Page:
family and friends

img_20160923_111811The day our twins were born, Nick, Leila, Edward and I all came down with heavy colds; The  runny nose, fuzzy head kind, that makes you want to down a lemsip and disappear under a duvet. No chance of that though, not that day!

My parents came up to give us a hand. I can still remember my mum standing by the hospital bed as I wearily attempted to  breastfeed the twins only to realise that it’s impossible to do that  and simultaneously blow your own nose. My mum wanted to help but didn’t know how to, so hovered indecisively for a moment or two before opting to prop both twins onto my breasts, freeing my hands so that I could blow my own nose… it  seemed the best solution. I’m pretty sure my dad wished he wasn’t there. I have never felt less independent.

I like being able to do things for myself however motherhood has forced me to learn how to receive help.  Our families are very supportive but they do not live locally, in fact they are hours away.

img_20160920_195252-2

At 37 weeks into my pregnancy  I begged the obstetrician to have mercy on me, and bring forward the date for my C section. By that stage I could only walk about 50m before I had to sit down.  I was no longer able to drive because I couldn’t reach the foot pedals and I had long since passed the stage of being able to reach into the bottom of a supermarket trolley. I was as wide as I am tall (which isn’t very, but still meant I had an entirely comical body shape), but the thing that convinced the obstetrician to agree to my request for an earlier delivery date was the fact that I had started to see stars – quite literally – I  never realised this was actually a real phenomena until it happened to me!

A few weeks before the twins were born our parents started taking turns to visit and help out. They were the ramparts holding us up until we were able to stand alone again.

Obviously our parents have their own lives to lead and this level of help was not sustainable for them or us. We needed to re-establish ourselves as a family unit and that’s when my friends sprang into action.

Two of my good friends had already had sets of twins and quite frankly they became my twin gurus. The best advice they gave was actually very simple but quite hard to do.

If someone offers to help you, thank them and ask what kind of help they are offering. Make a plan to put that offer into action. If people genuinely want to help but don’t really know how to, give them examples of what they can do, small things and bigger things, once a month things, weekly things, one-off things….. then give them time to think about what they would like to do and take it from there.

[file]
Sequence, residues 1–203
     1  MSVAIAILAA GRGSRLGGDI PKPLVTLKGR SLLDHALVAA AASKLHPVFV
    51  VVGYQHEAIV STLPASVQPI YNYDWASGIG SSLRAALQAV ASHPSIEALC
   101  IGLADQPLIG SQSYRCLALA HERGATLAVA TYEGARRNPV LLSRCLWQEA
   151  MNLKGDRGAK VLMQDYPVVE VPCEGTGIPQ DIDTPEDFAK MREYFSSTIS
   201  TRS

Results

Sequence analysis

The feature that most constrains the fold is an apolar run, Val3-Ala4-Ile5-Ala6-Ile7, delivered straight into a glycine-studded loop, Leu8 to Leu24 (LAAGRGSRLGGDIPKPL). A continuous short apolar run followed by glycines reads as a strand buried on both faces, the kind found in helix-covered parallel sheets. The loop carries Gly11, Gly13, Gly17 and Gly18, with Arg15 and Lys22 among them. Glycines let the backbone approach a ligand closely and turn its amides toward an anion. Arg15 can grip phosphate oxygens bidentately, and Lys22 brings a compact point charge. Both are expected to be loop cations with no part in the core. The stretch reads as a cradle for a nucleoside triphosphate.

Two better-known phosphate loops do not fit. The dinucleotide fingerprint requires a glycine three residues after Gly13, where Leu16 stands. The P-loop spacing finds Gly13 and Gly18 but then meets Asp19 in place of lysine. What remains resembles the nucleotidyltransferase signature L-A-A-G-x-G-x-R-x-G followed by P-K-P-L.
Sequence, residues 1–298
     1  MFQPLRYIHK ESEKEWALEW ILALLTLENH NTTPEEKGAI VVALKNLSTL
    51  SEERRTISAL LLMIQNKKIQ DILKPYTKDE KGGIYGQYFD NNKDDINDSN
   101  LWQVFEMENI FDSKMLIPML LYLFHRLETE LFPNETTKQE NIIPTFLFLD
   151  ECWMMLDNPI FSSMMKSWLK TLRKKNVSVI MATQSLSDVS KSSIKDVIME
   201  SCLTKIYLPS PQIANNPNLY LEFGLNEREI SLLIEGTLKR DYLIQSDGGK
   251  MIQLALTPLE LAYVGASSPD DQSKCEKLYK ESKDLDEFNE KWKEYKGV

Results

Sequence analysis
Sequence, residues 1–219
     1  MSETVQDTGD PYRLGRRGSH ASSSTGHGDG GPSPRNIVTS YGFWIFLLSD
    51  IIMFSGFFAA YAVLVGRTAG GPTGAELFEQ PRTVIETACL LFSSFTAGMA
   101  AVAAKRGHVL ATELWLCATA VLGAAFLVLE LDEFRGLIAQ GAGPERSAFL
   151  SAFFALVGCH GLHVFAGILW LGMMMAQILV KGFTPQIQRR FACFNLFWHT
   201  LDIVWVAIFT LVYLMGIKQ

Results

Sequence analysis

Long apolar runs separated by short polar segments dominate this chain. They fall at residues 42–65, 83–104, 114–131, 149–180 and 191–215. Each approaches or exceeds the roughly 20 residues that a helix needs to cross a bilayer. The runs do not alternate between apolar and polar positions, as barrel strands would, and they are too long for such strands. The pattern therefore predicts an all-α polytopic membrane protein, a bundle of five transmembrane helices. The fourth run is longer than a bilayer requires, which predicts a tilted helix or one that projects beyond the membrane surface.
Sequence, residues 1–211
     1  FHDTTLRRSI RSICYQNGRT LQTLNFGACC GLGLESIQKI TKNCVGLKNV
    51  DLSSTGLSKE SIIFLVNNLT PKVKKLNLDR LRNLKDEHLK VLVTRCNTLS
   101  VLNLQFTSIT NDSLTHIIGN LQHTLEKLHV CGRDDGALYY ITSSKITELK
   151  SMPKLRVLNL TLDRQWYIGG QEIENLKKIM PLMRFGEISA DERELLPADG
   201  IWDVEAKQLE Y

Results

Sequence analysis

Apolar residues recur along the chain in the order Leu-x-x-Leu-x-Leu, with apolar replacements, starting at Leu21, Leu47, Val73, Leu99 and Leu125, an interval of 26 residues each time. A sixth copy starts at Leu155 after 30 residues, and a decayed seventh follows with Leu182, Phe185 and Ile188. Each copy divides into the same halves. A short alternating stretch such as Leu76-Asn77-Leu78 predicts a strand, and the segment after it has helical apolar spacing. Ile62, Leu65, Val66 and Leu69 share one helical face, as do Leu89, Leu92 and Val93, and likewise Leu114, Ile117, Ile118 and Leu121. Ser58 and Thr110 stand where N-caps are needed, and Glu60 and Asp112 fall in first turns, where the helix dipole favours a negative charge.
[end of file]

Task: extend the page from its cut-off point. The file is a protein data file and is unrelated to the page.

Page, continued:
I followed this advice and as a result I had a whole range of people who all helped in various ways:

Lots of friends made dinners for us.

L took Leila to her ballet lessons every week.

H came round once a week and made me cups of tea, chatted to us all, helped with bath times and basically kept me sane.

C cleaned my fridge and invited Leila round to play with her girls a lot.

R cleaned my house.

L, who is brave, took both Leila and Edward to a chinese new year celebration for a few hours.

A few friends would baby sit for an hour or two in the day time so I could go to appointments/shops/have a bath.. whatever was most needed.

and so the list could go on – they all helped in different ways.

I suppose I could have tried to stay independent and kid myself that I could do it all alone. It would have been foolish – I’d have soon crashed and burned and been unable to look after myself or my family.

I could have smiled and said thanks when people offered to help but not taken it further. I might then have received plenty of good wishes but little practical help after all.

20161021_131227

 

As the kids have got older I’ve needed less practical help but my friends and family have remained a vital source of support.

My fellow mum friends are thankfully not a competitive bunch who endlessly harp on about children’s achievements. We do celebrate successes but we can also talk about what’s difficult and what’s really going on. I honestly think motherhood would have been a million times more difficult without these friends of mine.  This weekend we’re going away together, just as we have done every year or two since our kids were past babyhood.

We’ll catch up over cake, wine and blackberry gin and I know that being in their company will be like water to my soul, renewing my energy for family life.

 

(A version of this post was originally written for Family Fund in October 2016)

 

 

Diary of an imperfect mum
Spectrum Sunday
Please shareTweet about this on TwitterShare on FacebookShare on Google+Email this to someone
Please follow me on

If you want to be sure never to miss a post please sign up to receive all my posts by email. I will not pass your email on to anyone else!

4 thoughts on “family and friends

  1. Awww how wonderful – I dont seem to have many real life friends but I value my virtual ones.
    Thanks for linking to #ablogginggoodtime

  2. Having real friends who have your back and provide real and practical help, that’s gold. I hope you had an awesome weekend with them!

  3. It took me a while to accept help unless it was really necessary and even longer to realise I should ask for it. Now Granddad takes our eldest to music on Fridays and Grandma watches the younger two while I take eldest swimming on Wednesdays. It’s ok – in fact, it’s good. Thanks so much for linking to #spectrumsunday, hope to see you again this weekend.

Leave a Reply

Your email address will not be published. Required fields are marked *